Daytona 500 Starting Lineup
Row Inside Outside
1 #10 Danica Patrick (Chevy) #24 Jeff Gordon (Chevy)
2 #29 Kevin Harvick (Chevy) #18 Kyle Busch (Toyota)
3 #16 Greg Biffle (Ford) #5 Kasey Kahne (Chevy)
4 #42 Juan Pablo Montoya (Chevy) #33 Austin Dillon (Chevy)
5 #48 Jimmie Johnson (Chevy) #15 Clint Bowyer (Toyota)
6 #78 Kurt Busch (Chevy) #20 Matt Kenseth (Toyota)
7 #14 Tony Stewart (Chevy) #55 Mark Martin (Toyota)
8 #2 Brad Keselowski (Ford) #27 Paul Menard (Ford)
9 #13 Casey Mears (Ford) #31 Jeff Burton (Chevy)
10 #88 Dale Earnhardt, Jr. (Chevy) #1 Jamie McMurray (Chevy)
11 #22 Joey Logano (Ford) #34 David Ragan (Ford)
12 #47 Bobby Labonte (Toyota) #9 Marcos Ambrose (Ford)
13 #38 David Gilliland (Ford) #43 Aric Almirola (Ford)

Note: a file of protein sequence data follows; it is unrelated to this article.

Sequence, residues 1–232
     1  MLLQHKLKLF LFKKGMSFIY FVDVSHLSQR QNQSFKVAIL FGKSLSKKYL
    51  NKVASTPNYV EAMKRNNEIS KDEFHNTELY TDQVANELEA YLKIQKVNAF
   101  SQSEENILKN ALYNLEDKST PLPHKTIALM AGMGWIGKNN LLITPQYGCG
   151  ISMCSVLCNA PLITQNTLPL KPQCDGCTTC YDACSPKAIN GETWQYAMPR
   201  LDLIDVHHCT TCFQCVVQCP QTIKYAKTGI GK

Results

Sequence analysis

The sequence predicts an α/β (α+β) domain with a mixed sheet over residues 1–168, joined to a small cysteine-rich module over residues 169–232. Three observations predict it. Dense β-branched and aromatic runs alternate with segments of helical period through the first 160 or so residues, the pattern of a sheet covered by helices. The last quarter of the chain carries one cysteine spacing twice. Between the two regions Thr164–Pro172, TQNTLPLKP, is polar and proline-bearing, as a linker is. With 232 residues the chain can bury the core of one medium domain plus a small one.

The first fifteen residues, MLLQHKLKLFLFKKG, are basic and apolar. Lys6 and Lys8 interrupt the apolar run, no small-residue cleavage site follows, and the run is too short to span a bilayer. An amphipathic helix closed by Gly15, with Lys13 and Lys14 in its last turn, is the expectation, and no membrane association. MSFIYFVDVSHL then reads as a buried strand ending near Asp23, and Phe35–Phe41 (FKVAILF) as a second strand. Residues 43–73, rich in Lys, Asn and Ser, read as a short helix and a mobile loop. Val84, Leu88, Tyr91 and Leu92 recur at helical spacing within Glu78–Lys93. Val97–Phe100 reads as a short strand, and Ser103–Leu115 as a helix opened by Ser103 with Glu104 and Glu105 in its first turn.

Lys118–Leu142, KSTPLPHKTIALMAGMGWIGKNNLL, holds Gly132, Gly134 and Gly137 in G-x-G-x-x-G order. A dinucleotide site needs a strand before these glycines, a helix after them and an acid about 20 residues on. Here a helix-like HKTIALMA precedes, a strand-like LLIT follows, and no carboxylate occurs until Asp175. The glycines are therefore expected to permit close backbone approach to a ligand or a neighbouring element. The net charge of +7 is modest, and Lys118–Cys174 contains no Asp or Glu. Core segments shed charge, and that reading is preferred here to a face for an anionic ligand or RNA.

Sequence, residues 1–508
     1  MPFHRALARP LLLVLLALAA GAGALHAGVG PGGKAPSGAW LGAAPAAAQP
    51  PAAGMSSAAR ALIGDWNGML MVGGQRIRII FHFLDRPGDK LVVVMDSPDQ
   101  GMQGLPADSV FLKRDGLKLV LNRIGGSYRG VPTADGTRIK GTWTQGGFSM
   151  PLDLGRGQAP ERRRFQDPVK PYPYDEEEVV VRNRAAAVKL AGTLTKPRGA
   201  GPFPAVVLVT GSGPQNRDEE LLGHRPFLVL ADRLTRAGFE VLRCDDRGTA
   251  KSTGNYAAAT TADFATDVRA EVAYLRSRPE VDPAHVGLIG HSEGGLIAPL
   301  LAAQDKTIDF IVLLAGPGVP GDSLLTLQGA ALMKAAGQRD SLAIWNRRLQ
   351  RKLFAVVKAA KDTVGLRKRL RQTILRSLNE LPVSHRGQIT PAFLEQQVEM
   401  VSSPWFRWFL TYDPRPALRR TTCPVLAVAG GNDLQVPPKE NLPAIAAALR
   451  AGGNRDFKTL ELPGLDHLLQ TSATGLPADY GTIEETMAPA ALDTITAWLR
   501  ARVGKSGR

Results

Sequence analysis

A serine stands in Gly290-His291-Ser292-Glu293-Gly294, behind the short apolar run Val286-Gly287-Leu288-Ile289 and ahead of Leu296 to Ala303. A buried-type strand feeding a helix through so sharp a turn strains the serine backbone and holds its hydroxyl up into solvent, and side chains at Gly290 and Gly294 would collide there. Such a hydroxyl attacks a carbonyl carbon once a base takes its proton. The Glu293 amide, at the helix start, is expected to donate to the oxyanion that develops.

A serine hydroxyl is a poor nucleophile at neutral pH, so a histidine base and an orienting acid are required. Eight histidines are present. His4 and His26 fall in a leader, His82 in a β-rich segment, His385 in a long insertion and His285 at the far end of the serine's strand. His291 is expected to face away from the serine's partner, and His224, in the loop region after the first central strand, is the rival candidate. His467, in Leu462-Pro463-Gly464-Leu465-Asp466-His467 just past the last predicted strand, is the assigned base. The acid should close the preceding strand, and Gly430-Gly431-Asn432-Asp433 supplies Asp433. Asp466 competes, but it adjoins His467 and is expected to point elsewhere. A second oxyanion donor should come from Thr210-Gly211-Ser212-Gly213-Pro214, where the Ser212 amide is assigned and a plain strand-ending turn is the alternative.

14 #87 Joe Nemechek (Toyota) #17 Ricky Stenhouse, Jr. (Ford)
15 #26 Michael Waltrip (Toyota) #7 Dave Blaney (Chevy)
16 #95 Scott Speed (Ford) #35 Josh Wise (Ford)
17 #21 Trevor Bayne (Ford) #39 Ryan Newman (Chevy)
18 #11 Denny Hamlin (Toyota) #99 Carl Edwards (Ford)
19 #56 Martin Truex, Jr. (Toyota) #98 Michael McDowell (Ford)
20 #32 Terry Labonte (Ford) #51 Regan Smith (Chevy)
21 #36 J.J. Yeley (Chevy) #83 David Reutimann (Toyota)
22 #93 Travis Kvapil (Toyota)

Biggest Stories to Watch

NASCAR Gen-6 Car

NASCAR's "Car of Tomorrow" is now the car of the past, as sport officials are now looking to go back to a more traditional build of stock cars with the same safety restrictions in place as the cars that have been in production since the initial change.